You will first need to create an account with mLab (this is free, and just requires that you enter basic contact details and acknowledge their terms of service). 

After logging in, you'll be taken to the home screen:

  1. Click Create New in the MongoDB Deployments section.
  2. This will open the Create new deployment screen.
    • Select Single-node in the Plan section
    • Select the Sandbox radio button in the Standard Line section
    • Enter a Database Name - for example "local_library"
  3. Click the Create new MongoDB deployment button.

    After the database is created you'll be taken back to see an overview of your MongoDb deployments.

  4. Click on the new database (as highlighted above) to open a view with more details for the database. As you can see the database has no collections (data).
     
    The URL that you need to use to access your database is displayed on the form above (shown for this database circled above). In order to use this you need to create a database user that you can specify in the URL.

  5. Click the Users tab and select the Add database user button.
  6. Enter a username and password (twice), and then press Create. Do not select Make read only.

You now have now created the database, and have an URL (with username and password) that can be used to access it. This will look something like: mongodb://your_user_namer:your_password@ds119748.mlab.com:19748/local_library.

Install Mongoose

Open a command prompt and navigate to the directory where you created your skeleton Local Library website. Enter the following command to install Mongoose (and its dependencies) and add it to your package.json file, unless you have already done so when reading the Mongoose Primer above.

npm install mongoose --save

Connect to MongoDB

Open /app.js (in the root of your project) and copy the following text below where you declare the Express application object (after the line var app = express();). Replace the database url string ('insert_your_database_url_here') with the location of your own database (i.e. using the information from from mLab).

//Set up mongoose connection
var mongoose = require('mongoose');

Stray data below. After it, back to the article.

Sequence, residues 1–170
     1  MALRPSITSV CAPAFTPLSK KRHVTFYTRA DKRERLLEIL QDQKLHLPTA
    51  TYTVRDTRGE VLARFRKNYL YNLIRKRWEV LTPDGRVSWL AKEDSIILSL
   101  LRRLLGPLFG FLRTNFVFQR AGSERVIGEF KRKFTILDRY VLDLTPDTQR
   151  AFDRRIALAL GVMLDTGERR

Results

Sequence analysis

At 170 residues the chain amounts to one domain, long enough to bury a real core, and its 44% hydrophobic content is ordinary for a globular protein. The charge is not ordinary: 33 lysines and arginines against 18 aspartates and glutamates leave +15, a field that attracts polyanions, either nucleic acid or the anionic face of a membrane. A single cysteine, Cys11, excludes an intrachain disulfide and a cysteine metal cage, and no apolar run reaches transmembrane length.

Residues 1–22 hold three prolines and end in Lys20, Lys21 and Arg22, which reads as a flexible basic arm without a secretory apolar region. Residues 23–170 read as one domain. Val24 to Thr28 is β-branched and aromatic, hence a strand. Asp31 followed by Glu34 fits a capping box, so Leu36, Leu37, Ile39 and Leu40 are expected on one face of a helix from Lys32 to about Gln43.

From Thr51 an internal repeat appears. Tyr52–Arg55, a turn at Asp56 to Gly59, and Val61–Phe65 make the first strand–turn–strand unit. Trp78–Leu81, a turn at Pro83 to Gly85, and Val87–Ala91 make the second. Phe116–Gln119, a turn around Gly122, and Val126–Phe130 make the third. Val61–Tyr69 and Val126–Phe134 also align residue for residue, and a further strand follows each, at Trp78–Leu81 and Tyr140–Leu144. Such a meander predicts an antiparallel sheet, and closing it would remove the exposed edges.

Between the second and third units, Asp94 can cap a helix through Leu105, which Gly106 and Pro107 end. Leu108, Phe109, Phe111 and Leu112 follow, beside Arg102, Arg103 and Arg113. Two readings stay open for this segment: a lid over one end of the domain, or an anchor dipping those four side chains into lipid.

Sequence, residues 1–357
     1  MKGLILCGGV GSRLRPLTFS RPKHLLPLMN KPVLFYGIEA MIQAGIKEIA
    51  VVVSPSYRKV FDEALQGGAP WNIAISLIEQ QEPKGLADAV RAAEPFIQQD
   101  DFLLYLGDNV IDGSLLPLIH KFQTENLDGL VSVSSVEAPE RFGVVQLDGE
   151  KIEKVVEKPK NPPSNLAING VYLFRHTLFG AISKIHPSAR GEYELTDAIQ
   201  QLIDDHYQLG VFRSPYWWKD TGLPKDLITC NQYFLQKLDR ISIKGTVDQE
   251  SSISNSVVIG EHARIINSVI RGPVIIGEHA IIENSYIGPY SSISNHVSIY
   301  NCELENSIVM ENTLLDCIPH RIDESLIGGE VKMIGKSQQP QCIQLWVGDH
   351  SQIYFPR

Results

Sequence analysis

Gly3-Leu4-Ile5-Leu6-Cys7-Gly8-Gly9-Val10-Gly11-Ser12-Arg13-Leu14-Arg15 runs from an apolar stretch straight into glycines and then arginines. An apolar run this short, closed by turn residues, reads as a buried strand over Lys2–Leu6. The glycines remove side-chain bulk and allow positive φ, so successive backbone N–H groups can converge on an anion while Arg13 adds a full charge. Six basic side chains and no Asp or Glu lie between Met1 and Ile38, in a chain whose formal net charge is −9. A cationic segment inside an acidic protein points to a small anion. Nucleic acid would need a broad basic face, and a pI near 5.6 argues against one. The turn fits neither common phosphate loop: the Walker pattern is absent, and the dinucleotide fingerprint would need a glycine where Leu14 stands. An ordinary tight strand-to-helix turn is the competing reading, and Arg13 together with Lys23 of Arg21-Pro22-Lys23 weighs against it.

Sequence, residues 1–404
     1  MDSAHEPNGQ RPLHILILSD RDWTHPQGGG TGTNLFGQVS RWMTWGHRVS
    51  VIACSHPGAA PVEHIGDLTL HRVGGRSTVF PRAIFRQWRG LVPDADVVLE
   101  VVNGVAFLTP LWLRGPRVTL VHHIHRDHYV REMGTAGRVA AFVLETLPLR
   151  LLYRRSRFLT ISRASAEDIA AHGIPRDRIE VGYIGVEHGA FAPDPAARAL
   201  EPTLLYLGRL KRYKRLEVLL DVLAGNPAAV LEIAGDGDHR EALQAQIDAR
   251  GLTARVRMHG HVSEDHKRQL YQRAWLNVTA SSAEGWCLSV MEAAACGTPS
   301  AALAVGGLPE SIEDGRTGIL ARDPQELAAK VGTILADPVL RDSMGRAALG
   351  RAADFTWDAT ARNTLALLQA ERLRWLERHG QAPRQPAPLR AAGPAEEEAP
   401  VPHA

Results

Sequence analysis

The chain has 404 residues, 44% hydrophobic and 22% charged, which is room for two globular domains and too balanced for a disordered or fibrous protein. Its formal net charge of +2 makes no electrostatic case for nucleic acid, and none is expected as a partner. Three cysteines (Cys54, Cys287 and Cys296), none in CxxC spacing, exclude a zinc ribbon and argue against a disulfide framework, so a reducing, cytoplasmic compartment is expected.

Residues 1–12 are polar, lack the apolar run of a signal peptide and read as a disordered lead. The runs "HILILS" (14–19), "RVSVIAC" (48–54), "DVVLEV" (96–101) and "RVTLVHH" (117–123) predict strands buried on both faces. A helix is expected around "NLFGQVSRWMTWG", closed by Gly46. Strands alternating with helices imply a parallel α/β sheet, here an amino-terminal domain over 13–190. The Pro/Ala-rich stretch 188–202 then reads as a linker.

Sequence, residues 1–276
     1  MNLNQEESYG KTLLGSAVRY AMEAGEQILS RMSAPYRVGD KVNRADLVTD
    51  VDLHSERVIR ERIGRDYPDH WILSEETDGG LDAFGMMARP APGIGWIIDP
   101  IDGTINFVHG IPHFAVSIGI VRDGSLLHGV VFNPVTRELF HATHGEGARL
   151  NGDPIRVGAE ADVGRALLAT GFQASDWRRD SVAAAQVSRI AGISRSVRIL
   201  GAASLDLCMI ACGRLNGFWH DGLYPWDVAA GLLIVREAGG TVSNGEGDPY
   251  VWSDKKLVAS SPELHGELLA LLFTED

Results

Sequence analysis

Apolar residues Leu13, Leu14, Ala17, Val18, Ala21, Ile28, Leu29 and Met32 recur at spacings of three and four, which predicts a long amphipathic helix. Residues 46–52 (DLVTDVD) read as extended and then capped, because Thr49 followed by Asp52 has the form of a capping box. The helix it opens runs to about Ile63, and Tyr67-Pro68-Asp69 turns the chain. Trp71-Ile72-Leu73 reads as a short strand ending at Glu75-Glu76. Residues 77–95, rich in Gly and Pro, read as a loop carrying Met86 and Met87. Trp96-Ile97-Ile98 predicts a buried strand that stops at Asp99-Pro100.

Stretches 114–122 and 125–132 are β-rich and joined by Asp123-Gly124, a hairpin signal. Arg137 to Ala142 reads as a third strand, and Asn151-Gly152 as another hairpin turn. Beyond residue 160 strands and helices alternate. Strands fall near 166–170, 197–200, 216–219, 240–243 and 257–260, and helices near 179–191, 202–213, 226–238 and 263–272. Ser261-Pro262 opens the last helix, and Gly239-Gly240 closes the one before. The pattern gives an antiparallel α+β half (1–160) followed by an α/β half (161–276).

var mongoDB = 'insert_your_database_url_here';
mongoose.connect(mongoDB, {
  useMongoClient: true
});
var db = mongoose.connection;
db.on('error', console.error.bind(console, 'MongoDB connection error:'));

As discussed in the Mongoose primer above, this code creates the default connection to the database and binds to the error event (so that errors will be printed to the console). 

Defining the LocalLibrary Schema

We will define a separate module for each model, as discussed above. Start by creating a folder for our models in the project root (/models) and then create separate files for each of the models:

/express-locallibrary-tutorial  //the project root
  /models
    author.js
    book.js
    bookinstance.js
    genre.js

Author model

Copy the Author schema code shown below and paste it into your ./models/author.js file. The scheme defines an author has having String SchemaTypes for the first and family names, that are required and have a maximum of 100 characters, and Date fields for the date of birth and death.

var mongoose = require('mongoose');

var Schema = mongoose.Schema;

var AuthorSchema = Schema(
  {
    first_name: {type: String, required: true, max: 100},
    family_name: {type: String, required: true, max: 100},
    date_of_birth: {type: Date},
    date_of_death: {type: Date},
  }
);

// Virtual for author's full name
AuthorSchema
.virtual('name')
.get(function () {
  return this.family_name + ', ' + this.first_name;
});

// Virtual for author's URL
AuthorSchema
.virtual('url')
.get(function () {
  return '/catalog/author/' + this._id;
});

//Export model
module.exports = mongoose.model('Author', AuthorSchema);

We've also declared a virtual for the genre named "url" that returns the absolute URL required to get a particular instance of the model — we'll use the property in our templates whenever we need to get a link to a particular author.

Note: Declaring our URLs as a virtual in the schema is a good idea because then the URL for an item only ever needs to be changed in one place.
At this point a link using this URL wouldn't work, because we haven't got any routes handling code for individual model instances. We'll set those up in a later article!

At the end of the module we export the model.

Book model

Copy the Book schema code shown below and paste it into your ./models/book.js file. Most of this is similar to the author model — we've declared a schema with a number of string fields and a virtual for getting the URL of specific book records, and we've exported the model.